Cyber attacks are a challenge for SMEs. Around half of SMEs worldwide have been the target of one.
IT security challenge for small and medium-sized enterprises (SMEs). That's why more than half of them are calling for help in dealing with cyber risks. That's the finding of a new global study by Sage. The study reveals how SMEs perceive cybersecurity and outlines the key hurdles they face in this area.
With the study, Sage aims to demystify the topic of cybersecurity, transforming it from a daunting challenge into a tool that allows SMBs to focus on growing their businesses, developing their teams and delivering an excellent customer experience. This allows SMEs to focus on their own growth, developing their teams and providing the best possible customer experience.
The key findings of the study include:
- Globally, 48 percent of SMEs experienced a cybersecurity incident last year, and 25 percent experienced more than one. The figure for Germany was even higher: 55 percent complained of a cybersecurity incident.
- 70 percent of SMBs say cyber threats are a major problem. However, 72 percent feel confident in dealing with cybersecurity and 76 percent check it regularly. German SMEs, on the other hand, ignore this review in international comparison. Only 68 percent carry out regular inspections - the lowest figure of all the countries involved.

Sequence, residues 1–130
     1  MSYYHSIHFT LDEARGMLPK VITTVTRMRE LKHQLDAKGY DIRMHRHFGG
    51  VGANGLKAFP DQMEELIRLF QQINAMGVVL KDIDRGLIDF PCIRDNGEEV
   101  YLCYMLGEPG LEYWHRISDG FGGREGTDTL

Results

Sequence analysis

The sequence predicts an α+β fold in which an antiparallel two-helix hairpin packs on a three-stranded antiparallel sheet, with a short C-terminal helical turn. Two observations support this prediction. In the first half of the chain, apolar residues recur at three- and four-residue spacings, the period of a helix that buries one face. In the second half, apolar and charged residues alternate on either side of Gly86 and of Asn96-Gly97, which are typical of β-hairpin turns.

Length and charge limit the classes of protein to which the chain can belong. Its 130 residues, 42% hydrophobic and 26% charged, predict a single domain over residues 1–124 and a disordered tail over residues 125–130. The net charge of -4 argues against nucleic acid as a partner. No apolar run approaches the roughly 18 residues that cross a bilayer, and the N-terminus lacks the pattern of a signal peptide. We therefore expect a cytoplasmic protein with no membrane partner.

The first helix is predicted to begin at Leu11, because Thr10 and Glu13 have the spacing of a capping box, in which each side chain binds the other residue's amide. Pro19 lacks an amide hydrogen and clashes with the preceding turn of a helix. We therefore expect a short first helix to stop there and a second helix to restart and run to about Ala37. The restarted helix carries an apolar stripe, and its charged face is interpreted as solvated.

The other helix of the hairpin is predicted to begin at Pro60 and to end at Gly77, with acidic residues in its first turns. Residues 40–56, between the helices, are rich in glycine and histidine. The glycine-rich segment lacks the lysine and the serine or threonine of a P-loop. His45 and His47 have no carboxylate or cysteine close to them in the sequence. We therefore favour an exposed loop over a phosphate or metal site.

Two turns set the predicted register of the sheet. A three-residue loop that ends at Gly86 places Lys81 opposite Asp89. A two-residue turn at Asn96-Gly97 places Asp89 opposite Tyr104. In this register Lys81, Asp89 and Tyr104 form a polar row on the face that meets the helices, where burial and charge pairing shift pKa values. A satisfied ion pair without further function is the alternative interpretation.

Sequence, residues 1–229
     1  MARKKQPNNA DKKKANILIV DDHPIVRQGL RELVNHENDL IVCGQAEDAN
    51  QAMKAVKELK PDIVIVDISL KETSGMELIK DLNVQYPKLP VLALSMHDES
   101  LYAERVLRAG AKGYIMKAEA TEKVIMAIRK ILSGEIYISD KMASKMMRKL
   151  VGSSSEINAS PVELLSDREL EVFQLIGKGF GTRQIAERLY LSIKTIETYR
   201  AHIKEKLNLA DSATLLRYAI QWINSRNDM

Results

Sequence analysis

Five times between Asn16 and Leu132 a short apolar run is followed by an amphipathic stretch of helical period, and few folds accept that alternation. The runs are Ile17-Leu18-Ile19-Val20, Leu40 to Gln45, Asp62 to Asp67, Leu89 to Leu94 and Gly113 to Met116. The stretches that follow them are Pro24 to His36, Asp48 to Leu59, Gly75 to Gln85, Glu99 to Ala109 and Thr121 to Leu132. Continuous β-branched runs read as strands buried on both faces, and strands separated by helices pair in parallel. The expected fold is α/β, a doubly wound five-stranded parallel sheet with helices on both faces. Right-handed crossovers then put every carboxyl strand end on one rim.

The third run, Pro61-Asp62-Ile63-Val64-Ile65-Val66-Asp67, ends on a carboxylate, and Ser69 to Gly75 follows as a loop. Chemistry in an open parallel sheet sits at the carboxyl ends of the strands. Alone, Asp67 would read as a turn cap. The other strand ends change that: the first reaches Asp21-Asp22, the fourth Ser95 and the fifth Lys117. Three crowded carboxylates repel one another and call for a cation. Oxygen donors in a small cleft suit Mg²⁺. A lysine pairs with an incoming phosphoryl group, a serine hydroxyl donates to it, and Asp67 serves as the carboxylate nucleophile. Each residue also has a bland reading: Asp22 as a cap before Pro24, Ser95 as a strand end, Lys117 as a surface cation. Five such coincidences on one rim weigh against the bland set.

- For 51 percent of SMBs, staying informed about new threats is the biggest challenge. The next challenges:
– Ensuring employees know what is expected of them (45%)
– Raising employee awareness of cybersecurity (44%)
– Costs (43%).
With cyber threats on the rise, it is critical for SMBs to know what to consider, where to start, and how to keep costs in check if they want to protect their business against current cyber threats.
SMEs want more education and support
56 percent of SMEs want more education and support from cybersecurity companies, while 45 percent see government agencies and 43 percent trustworthy technology partners as responsible for this. More than half (52%) would like support with education and training.